IMF cheery on world economy but warns against EMU delays

Prospects for the world economy are rosy but the contrasts between the fortunes of different countries are becoming starker, according to the International Monetary Fund (IMF). In a new set of economic forecasts yesterday it upgraded predictions for growth in the Anglo-Saxon economies and downgraded the outlook for continental Europe.

The IMF said none of the big five EU countries would meet the single currency target of a 3 per cent of GDP government deficit.

But it warned that there must be no delay to economic monetary union because the uncertainty was undermining growth.

Yet, in sharp contrast, the European Commission produced its rosiest forecasts for economic and monetary union yesterday, predicting that 13 countries would meet the key deficit criterion to qualify for the launch as growth picked up.

Brushing off renewed accusations that its predictions are massaged, the Commission predicted Germany, France, Portugal, Spain and Austria would meet the deficit ceiling dead-on. All five would hit the 3 per cent figure, which must be attained this year by countries hoping to join at the launch on 1 January 1999.

It was "no coincidence" that the figure should be precisely 3 per cent in so many cases, said Yves Thibault de Silguy, the Economics Commissioner. Attaining that target had been the countries' objective since the Maastricht Treaty. The Commission used the occasion to counter predictions the single currency might be delayed.

The IMF's semi-annual World Economic Outlook was more measured. It said the run-up to EMU was taking its toll on the European economies, because of budget cuts and uncertainty about the shape monetary union would take. "It is critical to get through this period promptly by bringing the project back to term within the agreed time frame," the report said.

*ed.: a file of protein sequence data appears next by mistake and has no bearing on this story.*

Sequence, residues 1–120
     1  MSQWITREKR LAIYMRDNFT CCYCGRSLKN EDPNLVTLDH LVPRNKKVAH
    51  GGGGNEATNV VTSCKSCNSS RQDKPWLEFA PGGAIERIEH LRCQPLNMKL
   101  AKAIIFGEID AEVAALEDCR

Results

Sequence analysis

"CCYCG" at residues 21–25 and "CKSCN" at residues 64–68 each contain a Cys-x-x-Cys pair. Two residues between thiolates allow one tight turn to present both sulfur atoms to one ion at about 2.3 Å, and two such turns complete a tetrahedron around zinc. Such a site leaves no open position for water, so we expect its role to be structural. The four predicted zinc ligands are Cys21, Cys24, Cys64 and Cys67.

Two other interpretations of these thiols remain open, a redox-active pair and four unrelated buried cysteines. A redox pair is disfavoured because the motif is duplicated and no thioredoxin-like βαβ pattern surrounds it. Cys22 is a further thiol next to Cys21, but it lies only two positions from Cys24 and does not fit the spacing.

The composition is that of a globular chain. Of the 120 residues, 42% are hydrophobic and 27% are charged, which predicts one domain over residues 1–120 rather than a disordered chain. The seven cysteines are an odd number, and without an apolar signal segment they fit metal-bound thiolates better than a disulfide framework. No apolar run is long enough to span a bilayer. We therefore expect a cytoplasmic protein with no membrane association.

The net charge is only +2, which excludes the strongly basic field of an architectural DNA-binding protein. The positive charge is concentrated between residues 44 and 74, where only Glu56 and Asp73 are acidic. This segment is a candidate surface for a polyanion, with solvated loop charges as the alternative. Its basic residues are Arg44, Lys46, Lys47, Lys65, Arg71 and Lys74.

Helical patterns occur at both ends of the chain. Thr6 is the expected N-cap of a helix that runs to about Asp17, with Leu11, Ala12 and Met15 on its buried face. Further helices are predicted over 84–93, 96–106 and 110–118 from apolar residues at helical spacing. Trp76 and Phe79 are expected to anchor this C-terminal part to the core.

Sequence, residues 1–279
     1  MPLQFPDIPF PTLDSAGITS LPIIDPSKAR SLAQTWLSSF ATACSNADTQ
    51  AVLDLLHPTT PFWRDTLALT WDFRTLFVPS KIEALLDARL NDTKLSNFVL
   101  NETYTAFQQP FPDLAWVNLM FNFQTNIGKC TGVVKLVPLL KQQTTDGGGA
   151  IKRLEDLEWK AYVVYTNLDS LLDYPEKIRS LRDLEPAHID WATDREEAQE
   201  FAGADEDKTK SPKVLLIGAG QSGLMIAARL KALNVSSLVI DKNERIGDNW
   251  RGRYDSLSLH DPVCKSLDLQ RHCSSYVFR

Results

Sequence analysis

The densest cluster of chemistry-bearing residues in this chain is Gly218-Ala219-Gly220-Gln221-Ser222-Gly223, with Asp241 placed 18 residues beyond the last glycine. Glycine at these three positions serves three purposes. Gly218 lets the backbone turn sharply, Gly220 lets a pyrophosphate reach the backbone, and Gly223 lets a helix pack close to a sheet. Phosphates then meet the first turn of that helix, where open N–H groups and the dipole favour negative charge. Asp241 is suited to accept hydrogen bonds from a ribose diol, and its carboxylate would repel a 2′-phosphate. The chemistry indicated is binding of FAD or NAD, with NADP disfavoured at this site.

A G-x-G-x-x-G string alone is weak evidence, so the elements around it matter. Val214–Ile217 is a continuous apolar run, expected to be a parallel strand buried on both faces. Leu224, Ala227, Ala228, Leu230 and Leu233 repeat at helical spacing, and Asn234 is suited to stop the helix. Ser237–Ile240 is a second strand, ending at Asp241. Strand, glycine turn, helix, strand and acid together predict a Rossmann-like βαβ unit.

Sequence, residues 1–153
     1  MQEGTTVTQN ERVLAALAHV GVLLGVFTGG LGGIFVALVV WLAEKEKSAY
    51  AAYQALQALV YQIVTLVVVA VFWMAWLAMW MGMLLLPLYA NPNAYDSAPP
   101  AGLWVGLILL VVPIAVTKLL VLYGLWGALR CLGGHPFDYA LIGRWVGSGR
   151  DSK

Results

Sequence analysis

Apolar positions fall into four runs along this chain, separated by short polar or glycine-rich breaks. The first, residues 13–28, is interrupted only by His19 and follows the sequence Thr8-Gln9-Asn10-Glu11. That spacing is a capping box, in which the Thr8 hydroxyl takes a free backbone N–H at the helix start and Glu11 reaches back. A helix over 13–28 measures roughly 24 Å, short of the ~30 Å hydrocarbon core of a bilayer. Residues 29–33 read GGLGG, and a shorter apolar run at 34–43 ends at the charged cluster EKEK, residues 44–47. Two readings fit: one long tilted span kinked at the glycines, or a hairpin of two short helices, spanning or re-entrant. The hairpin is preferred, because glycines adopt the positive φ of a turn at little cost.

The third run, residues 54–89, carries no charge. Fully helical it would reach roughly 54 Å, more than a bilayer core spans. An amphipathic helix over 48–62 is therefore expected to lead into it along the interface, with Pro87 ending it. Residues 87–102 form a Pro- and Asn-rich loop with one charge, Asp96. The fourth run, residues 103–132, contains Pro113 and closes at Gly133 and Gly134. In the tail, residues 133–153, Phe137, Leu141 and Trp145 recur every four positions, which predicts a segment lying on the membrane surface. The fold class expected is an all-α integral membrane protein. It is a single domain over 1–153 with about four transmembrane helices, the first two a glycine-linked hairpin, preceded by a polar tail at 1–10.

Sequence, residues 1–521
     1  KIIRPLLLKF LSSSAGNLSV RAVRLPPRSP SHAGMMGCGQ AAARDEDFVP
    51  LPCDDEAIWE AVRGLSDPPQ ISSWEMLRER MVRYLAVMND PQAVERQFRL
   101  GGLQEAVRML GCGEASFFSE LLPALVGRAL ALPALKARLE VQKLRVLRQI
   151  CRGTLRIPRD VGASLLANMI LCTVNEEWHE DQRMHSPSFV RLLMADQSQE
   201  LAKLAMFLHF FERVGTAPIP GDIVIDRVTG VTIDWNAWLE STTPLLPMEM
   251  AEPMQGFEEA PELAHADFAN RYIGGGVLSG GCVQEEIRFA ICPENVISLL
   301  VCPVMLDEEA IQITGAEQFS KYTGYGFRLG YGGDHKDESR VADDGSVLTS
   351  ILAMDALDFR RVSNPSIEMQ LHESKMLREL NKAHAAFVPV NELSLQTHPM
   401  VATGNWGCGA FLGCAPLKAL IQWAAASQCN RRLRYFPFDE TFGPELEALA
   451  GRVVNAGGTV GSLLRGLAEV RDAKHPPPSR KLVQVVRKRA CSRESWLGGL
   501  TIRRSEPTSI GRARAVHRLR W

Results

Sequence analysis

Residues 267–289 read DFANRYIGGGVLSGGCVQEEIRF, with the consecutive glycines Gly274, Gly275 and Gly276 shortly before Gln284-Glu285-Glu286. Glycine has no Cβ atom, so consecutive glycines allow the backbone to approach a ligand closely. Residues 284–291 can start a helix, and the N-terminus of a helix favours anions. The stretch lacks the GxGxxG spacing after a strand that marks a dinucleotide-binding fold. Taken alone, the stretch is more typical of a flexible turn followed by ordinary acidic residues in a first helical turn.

It put government deficits in 1997 above the critical 3 per cent of GDP level in France, Germany, Italy, the UK, Spain and Greece, although the report said progress on deficit reduction had been impressive. It added that but for weak growth, all but four EU members would have met the target last year.

The IMF trimmed its 1997 forecasts for growth in Germany and Italy. Nowhere on the Continent does it see a chance of significant falls in unemployment this year, calling for more extensive reforms of employment legislation and benefit systems.

However, it raised its growth forecasts for the US, UK and Canada. Although warning of the risk of a sharp correction on Wall Street, the report said: "There are few signs of the tensions and imbalances that foreshadow significant downturns in the business cycle."

The risk of higher inflation in the UK points to the need for a tougher fiscal policy and an increase in interest rates, the Fund's economists say. They also reckon a further moderate rise in US interest rates will be needed.

On the other hand, the IMF said there might be a need for interest rates on the Continent to fall. Reductions in recent years should have been more rapid in response to the economic downturn.

Despite the differences between the EU and the authoritative IMF figures, Mr de Silguy insisted: "There has been no tinkering or trading." Suspicion has centred particularly on Germany in view of a series of gloomy economic predictions. It has become increasingly clear in recent weeks that the rest of the EU may come under pressure to turn a blind eye if Germany narrowly overshoots the deficit ceiling.

This was all but confirmed yesterday by Commission officials. They insisted differences were simply caused by "rounding up or rounding down of the figures".

Predictions that the Italian deficit would stand at 3.2 per cent this year and an even higher 3.9 per cent next year caused storms of protest in Rome. The Italian government now realises that it is unlikely to be given the same leeway as Germany, on the grounds that its budget-cutting measures are less "sustainable".

Mr de Silguy did not rule out the chance Italy could still make the grade, but he stressed any one-off measures must be supplemented by more lasting cuts.

The Commission figures showed that most countries will continue to over- shoot the Maastricht debt criteria - many seriously. However, it is already clear that the Commission favours more flexibility on the debt criterion, stating only that countries should be moving towards the 60 per cent ceiling.

Its rosy view of the next two years was based on a series of favourable economic assessments, including a prediction EU-wide growth will continue to rise, reaching 2.4 per cent in 1997 and 2.8 per cent in 1998.

Elsewhere in its report, the IMF called on Japan to speed up deregulation of its economy. It trimmed its prediction for Japan's GDP growth this year, although expecting a pick-up in 1998.